• Increase font size
  • Default font size
  • Decrease font size
The Disease:  SHEATH ROT
Sarocladium oryzae (Sawada) (Gams and Hawksworth 1975)

Etymology: from Greek saron, broom; klados, branch.
Sheath rot occurs in all rice-growing countries. It causes significant yield loss during rainy season in both rainfed and upland ecosystems. Chen (1957) reported losses up to 85% in Taiwan. In India, Chakravorty and Biswas (1978) noted that sheath rot reduced yields of some varieties by 9.6 - 26.0%. Kang and Rattan (1983) reported losses up to 50% in Punjab.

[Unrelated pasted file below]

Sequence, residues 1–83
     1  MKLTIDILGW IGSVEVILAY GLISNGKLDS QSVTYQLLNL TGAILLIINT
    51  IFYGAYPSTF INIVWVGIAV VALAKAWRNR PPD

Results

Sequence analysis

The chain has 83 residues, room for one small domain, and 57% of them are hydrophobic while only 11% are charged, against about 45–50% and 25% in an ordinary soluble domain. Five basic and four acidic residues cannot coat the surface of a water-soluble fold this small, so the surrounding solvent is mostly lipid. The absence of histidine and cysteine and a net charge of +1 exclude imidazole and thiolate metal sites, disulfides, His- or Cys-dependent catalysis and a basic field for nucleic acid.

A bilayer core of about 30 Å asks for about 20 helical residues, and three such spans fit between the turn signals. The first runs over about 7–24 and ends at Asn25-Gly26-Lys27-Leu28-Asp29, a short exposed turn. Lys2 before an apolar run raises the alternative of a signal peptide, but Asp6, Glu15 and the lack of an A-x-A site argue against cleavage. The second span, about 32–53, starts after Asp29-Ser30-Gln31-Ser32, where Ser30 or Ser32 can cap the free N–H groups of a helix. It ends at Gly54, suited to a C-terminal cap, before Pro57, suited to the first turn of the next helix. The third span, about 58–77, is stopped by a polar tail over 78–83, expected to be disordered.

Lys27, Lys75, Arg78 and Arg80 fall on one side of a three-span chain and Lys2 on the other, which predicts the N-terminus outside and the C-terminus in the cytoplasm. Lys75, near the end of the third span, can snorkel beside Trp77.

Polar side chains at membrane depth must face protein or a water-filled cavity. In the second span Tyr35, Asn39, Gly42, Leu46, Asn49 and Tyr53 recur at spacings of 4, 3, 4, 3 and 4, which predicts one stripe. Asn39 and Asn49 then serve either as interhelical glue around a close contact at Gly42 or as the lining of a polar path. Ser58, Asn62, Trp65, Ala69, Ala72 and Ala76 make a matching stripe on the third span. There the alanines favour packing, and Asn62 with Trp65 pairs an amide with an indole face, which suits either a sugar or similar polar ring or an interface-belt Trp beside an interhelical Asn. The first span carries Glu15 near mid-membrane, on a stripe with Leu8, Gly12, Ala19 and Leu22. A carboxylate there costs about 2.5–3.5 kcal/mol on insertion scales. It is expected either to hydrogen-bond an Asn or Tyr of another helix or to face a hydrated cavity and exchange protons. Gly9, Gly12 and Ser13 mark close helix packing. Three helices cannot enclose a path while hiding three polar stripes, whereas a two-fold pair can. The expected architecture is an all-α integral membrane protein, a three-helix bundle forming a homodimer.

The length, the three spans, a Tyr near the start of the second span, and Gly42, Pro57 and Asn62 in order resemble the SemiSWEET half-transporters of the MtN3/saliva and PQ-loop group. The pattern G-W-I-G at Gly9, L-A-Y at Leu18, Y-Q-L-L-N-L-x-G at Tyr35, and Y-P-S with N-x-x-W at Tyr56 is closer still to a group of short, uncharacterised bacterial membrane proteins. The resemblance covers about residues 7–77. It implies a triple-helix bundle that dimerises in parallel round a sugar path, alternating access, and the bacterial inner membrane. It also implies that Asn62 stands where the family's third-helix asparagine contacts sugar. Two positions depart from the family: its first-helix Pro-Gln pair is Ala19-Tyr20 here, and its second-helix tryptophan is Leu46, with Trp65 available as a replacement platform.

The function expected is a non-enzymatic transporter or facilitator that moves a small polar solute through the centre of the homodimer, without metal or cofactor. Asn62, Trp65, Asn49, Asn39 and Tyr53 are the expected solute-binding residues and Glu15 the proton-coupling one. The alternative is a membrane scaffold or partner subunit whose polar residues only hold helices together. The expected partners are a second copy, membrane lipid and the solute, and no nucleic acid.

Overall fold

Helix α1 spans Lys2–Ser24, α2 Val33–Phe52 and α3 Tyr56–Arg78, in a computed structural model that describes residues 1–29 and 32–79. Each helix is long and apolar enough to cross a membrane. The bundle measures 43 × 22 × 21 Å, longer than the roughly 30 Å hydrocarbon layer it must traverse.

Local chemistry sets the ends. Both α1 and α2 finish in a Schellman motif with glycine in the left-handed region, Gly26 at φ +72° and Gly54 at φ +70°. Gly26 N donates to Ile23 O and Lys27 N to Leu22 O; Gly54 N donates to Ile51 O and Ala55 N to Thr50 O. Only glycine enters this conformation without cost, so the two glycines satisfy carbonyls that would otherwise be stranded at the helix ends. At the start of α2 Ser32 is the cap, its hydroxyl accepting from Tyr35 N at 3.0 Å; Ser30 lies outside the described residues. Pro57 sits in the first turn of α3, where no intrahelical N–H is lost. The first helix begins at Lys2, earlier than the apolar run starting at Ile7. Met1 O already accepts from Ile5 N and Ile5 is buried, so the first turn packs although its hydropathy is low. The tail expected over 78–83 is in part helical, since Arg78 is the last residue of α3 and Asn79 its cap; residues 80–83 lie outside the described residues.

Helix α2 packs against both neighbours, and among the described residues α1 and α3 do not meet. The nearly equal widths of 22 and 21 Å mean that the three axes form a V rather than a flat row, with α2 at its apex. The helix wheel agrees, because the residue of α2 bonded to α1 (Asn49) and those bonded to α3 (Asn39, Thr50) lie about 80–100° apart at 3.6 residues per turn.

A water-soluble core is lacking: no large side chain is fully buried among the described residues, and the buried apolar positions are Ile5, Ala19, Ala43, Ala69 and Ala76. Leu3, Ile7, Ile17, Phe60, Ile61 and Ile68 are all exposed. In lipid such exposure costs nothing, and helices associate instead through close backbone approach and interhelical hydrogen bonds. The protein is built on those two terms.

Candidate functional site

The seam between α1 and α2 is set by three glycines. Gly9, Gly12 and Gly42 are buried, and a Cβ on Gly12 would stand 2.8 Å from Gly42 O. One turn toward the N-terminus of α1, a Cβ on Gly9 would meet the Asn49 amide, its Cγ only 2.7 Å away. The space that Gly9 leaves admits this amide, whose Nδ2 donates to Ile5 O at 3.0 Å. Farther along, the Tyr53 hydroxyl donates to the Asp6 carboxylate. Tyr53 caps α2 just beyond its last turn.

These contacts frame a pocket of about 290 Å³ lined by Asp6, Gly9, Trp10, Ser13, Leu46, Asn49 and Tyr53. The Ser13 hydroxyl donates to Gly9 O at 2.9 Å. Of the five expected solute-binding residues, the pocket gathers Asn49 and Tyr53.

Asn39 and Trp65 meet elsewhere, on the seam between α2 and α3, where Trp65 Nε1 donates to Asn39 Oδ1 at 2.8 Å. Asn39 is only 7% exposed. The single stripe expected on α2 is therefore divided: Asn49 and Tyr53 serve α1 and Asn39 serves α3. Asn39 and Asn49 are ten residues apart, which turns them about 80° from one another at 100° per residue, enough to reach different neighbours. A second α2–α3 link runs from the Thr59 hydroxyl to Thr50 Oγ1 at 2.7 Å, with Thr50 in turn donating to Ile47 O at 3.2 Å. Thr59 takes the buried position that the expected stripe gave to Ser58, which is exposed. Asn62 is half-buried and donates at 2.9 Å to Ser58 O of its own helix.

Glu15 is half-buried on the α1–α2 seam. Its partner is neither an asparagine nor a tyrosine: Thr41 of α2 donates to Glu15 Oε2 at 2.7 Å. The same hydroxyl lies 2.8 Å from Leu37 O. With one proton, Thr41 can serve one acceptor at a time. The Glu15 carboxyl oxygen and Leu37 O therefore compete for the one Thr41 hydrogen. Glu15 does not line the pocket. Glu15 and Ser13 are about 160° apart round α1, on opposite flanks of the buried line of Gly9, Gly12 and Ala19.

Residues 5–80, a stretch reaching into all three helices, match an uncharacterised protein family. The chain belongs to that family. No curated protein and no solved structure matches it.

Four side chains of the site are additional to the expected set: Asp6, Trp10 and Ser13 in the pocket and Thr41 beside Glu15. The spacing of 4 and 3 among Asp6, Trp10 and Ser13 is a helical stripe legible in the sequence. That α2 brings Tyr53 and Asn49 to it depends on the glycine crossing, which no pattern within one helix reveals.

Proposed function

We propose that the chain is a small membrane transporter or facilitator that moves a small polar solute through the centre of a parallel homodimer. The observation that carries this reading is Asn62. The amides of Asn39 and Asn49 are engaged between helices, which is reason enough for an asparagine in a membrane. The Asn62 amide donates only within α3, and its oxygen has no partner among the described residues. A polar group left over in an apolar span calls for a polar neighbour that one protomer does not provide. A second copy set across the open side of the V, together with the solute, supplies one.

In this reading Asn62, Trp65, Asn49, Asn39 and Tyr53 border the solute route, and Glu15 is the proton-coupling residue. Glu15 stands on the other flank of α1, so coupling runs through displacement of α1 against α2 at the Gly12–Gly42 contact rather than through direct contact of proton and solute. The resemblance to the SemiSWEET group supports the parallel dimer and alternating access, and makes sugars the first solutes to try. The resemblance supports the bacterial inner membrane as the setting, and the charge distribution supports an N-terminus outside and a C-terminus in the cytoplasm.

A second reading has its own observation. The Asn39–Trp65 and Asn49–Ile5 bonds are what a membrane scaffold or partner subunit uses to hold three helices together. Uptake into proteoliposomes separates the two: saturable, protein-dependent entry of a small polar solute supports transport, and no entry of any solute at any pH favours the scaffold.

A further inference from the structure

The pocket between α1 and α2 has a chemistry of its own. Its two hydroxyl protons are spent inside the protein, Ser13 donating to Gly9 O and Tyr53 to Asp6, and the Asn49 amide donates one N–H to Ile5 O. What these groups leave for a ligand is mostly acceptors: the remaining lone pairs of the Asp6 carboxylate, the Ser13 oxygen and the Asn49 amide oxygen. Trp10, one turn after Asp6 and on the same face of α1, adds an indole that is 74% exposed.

Sheath rot appears on the uppermost leaf sheath which encloses the emerging panicle. Sheath rot lesions are irregular, 0.5 - 1.5 cm long, and have grayish centers and brownish margins. Sometimes the whole lesion appears gray-brown. In infected tillers, panicles emerge partially or not at all. Inside the sheath, a whitish powdery mass of fungus can be seen. Grains discolor brown. In the tropics, it is easily confused with sheath discoloration (caused by many Pseudomonas pathogens).
sarocladium oryzae habit sheath rot
Last Updated on Wednesday, 15 April 2009 07:26